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Assateague Notations
Qualité quand ça marche: 4.0
Consistance des Vagues: 4.0
Niveau de Difficulté: 3.1
Planche à voile et Kite Surf: 4.0
Foule a l'Eau: 3.7

Général: 3.8

Voir toutes les 18 notations

Basé sur 9 votes. Voter


Surf Report Feed

Statistiques de Houle pour Assateague, Février: Vagues avec Vents Légers ou Favorables.

This image shows only the swells directed at Assateague that coincided with light winds or offshore conditions through a typical February. It is based on 2664 predictions, one every 3 hours. The direction of the spokes show where quality surf generating swell comes from. Five colours represent increasing wave sizes. Very small swells of less than 0.5m (1.5 feet) high are shown in blue. Green and yellow show increasing swell sizes and red shows the largest swells, greater than >3m (>10ft). In either graph, the area of any colour is proportional to how commonly that size swell happens.

The diagram implies that the most common swell direction, shown by the biggest spokes, was SE, whereas the the most common wind blows from the WNW. The chart at the bottom shows the same thing but without direction information. For example, swells larger than 1.5 feet (0.5m) coincided with good wind conditions 25% of the time, equivalent to 7 days. Open sea swells exceeding >3m (>10ft) are unlikely to arise in a normal February but 7% of the time you can expect swell in the range 1.3-2m (4-6.5ft) 7%, equivalent to (2 days). Taking into account the proportion of these swells that coincided with forecast offshore winds, and given the fact that Assateague is exposed to open water swells, we estimate that clean surf can be found at Assateague about 25% of the time and that surf is messed up by onshore wind 27% of the time. This is means that we expect 15 days with waves in a typical February, of which 7 days should be clean enough to surf.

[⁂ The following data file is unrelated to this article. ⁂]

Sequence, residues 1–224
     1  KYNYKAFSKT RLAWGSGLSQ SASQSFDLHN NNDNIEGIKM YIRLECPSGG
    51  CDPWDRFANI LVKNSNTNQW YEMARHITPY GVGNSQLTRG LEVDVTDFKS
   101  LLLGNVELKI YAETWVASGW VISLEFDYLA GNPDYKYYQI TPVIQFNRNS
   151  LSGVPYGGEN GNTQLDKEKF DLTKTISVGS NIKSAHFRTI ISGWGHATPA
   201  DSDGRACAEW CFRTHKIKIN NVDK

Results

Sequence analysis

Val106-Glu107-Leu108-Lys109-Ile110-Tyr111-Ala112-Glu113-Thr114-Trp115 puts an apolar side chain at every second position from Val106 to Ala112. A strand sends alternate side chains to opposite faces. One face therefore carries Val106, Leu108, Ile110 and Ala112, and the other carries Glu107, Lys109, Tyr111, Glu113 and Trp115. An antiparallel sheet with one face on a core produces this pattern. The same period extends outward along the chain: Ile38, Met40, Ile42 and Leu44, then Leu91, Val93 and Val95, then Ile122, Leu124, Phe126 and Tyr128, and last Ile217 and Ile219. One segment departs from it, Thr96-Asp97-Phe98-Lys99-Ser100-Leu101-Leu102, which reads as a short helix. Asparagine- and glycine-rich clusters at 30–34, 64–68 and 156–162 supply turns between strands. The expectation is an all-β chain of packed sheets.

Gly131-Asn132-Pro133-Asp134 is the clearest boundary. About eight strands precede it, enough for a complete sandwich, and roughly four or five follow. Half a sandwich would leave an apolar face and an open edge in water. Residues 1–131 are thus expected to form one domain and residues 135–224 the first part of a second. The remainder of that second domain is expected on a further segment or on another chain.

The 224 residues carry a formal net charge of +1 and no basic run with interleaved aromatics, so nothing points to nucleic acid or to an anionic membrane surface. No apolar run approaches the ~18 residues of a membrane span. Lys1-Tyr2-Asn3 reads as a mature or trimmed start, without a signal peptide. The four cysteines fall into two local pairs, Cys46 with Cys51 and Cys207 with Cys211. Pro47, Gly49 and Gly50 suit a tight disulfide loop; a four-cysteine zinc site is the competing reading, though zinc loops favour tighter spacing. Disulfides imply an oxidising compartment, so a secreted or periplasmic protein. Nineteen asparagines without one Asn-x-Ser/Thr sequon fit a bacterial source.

IMPORTANT: Beta version feature! Swell heights are open water values from NWW3. There is no attempt to model near-shore effects. Coastal wave heights will generally be less, especially if the break does not have unobstructed exposure to the open ocean.

FEATURE UPDATE: we now show red swell icons for 'open sea' swells that are travelling in an unfavourable direction for the surf break. In places, these swells may still wrap around coastlines and produce smaller waves at some breaks. They are also significant for windsurfers and other water users that tend to venture further off-shore.